The first summer holidays of teaching so it was time to go paddling. This is approaching Bardsey, in perfect conditions. The string across the hatch cover was there for a very special reason. My Nordkapp was one of the first to be built with the new hatch covers but the mixture proved to be unstable and the rims started to collapse. After this trip it was back to Nottingham for new hatches to be fitted by Valley before we headed off for a 4 week kayaking trip in Denmark.

Menai Straits
A rather blurred picture from the Menai Straits in October 1986. I was on my Level 5 Coach assessment at Plas Y Brenin. We camped at the south west entrance to the Straits and I still remember the look of horror on the face of the group when the shipping forecast for the Irish Sea was SW Force 12.

Porth Daffarch
Paddling out of Porth Daffarch at the 1993 Angelsey Symposium. The paddlers are Andy Stamp and Graham Wardle.

Rathlin Island
The bay at the western end of Rathlin Island, of Northern Ireland It was a Coach Assessment in 1996. We were looking forward to a night of traditional Irish music in the bar, but it turned out to be a karaoke evening with Japanese divers, rather disappointing.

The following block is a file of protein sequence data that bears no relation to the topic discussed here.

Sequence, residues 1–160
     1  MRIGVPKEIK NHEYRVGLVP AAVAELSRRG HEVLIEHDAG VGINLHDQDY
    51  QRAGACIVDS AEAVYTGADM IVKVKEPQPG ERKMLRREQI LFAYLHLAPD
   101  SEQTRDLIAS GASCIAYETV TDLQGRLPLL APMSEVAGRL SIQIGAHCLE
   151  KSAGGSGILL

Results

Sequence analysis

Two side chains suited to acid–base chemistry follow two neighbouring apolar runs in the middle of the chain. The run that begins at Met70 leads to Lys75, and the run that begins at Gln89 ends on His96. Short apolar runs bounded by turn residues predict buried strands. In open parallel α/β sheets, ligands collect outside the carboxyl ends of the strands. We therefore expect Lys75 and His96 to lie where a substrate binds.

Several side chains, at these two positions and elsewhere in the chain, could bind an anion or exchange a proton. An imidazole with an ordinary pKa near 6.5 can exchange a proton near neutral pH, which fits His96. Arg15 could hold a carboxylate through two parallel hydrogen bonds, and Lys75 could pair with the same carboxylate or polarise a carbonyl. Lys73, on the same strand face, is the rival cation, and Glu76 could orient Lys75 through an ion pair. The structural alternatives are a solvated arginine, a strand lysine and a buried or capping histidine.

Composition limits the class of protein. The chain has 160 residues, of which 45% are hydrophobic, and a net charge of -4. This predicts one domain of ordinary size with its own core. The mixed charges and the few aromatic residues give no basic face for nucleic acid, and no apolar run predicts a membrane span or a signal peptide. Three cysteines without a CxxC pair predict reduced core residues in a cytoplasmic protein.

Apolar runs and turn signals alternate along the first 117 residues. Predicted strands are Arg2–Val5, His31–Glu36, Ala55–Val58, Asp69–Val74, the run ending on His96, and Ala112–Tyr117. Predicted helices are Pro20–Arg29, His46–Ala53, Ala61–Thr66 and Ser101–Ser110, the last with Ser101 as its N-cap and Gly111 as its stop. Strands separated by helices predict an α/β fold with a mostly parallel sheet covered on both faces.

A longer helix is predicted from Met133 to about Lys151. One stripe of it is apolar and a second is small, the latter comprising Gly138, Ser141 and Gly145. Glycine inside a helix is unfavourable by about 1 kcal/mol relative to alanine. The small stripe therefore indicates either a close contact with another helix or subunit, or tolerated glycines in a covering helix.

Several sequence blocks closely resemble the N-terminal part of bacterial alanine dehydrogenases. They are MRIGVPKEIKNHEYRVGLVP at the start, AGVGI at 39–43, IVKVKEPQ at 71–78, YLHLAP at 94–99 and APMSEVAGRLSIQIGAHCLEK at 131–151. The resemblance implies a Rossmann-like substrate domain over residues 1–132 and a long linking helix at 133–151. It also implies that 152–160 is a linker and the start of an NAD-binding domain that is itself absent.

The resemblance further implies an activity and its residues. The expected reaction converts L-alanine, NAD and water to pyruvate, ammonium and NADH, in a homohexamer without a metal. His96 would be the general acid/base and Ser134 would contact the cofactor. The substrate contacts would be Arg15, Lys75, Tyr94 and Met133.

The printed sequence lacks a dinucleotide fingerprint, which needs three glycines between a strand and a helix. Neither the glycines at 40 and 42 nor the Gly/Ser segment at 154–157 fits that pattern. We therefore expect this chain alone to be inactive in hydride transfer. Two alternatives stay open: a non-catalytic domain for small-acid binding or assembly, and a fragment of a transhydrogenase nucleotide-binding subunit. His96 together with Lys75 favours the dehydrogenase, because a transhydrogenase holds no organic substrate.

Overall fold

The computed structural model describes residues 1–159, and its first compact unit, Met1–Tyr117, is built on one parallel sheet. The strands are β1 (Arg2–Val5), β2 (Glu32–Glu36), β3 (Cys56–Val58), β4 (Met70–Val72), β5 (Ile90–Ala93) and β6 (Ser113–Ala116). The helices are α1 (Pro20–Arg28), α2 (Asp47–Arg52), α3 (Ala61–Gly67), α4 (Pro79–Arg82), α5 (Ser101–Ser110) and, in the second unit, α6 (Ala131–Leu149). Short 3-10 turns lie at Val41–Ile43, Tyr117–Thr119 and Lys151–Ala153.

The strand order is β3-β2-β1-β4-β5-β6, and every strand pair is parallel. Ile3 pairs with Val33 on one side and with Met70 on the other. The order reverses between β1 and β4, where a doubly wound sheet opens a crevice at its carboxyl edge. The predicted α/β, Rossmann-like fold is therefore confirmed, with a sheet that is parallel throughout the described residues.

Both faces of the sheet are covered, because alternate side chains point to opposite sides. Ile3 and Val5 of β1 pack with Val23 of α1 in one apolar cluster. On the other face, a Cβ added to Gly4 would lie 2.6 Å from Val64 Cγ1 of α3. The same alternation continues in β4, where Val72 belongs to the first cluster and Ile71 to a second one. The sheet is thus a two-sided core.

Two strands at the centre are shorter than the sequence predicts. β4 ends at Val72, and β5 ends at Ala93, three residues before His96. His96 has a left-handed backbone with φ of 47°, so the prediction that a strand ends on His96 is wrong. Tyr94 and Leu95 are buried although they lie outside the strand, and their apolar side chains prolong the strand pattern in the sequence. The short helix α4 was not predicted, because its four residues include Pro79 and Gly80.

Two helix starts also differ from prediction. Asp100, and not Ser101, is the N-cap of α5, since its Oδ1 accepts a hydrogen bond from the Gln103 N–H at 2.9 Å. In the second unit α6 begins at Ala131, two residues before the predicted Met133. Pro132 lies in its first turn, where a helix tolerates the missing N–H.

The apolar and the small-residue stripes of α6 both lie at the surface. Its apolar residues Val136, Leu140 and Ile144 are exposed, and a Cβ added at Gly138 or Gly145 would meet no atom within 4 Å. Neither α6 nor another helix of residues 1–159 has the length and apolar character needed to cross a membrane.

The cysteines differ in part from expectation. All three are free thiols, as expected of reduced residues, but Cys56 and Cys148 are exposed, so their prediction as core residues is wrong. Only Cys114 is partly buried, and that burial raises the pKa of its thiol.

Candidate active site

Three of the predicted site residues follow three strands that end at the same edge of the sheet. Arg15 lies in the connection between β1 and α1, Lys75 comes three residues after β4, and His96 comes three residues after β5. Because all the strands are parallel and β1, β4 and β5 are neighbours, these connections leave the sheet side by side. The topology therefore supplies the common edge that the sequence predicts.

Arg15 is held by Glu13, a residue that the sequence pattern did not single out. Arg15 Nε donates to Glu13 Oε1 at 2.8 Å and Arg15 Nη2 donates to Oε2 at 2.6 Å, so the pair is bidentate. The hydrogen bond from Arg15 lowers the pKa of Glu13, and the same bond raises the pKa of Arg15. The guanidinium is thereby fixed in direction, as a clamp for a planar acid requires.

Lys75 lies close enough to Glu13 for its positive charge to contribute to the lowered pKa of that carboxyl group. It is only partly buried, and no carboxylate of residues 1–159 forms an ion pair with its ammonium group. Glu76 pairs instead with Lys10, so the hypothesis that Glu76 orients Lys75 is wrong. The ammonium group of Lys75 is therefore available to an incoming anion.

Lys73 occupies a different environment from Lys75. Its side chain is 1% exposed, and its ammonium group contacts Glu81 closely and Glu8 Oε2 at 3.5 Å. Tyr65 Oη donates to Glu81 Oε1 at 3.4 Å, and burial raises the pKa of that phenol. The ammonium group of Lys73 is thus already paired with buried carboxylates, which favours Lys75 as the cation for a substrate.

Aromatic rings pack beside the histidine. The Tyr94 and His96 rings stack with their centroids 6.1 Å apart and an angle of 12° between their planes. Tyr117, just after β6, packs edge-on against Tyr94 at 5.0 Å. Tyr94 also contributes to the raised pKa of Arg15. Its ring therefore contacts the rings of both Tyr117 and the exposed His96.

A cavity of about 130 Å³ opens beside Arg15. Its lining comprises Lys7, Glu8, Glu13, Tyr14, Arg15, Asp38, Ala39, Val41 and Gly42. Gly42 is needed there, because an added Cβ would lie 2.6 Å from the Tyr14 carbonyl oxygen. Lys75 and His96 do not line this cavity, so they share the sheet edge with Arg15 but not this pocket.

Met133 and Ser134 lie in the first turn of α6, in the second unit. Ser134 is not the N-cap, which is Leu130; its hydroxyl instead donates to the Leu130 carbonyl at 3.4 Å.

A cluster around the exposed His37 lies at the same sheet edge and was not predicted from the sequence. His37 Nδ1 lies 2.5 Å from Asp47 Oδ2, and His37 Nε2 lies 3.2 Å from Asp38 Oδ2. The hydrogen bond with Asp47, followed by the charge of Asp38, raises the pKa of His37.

Arduaine Children
The Scottish Sea Kayak Symposiums used to be great family affairs. The five children on the right are my two girls, Howard Jeffs two daughters and Gordon Brown’s oldest daughter. As you can see we used appropriately sized kit!

Cricceth Castle
The BCU Sea Touring Committee used to run Symposiums every autumn. Initially at Calshot and later on in North Wales. This is some paddlers from the 1998 event off Cricceth Castle.

North Wales Wanderings

North Wales Wanderings
My Salewa adjustable crampons, which had seen service since 1976, were finally replaced today as I purchased a lovely pair of yellow crampons from the Cotswold Store in Betws Y Coed, North Wales.  It was clear that there was snow on the mountains but the weather forecast was just abysmal.  It was one of those days when an afternoon with a good book by the fire was preferable to struggling up a wind blasted Welsh mountain side.
Amazingly though the torrential rain, which had been a pouring down for the last couple of hours, stopped as I walked out of the shop and so the reasons for not going on the hill were rapidly disappearing.
I decided to follow the path into Cwm Tryfan, hoping that I would get some shelter from the wind and if at any time the conditions deteriorated too much it would be relatively easy to retrace my steps.  As it turned out I had an interesting few hours and didn’t see anybody else all the time I was walking.
Sadly though I didn’t get to use the new crampons.
 Leaving the A5, conditions were really wet under foot but it was clear that there was snow higher up.
 The east face of Tryfan, disappearing into the cloud.
 Looking up towards Glyder Fach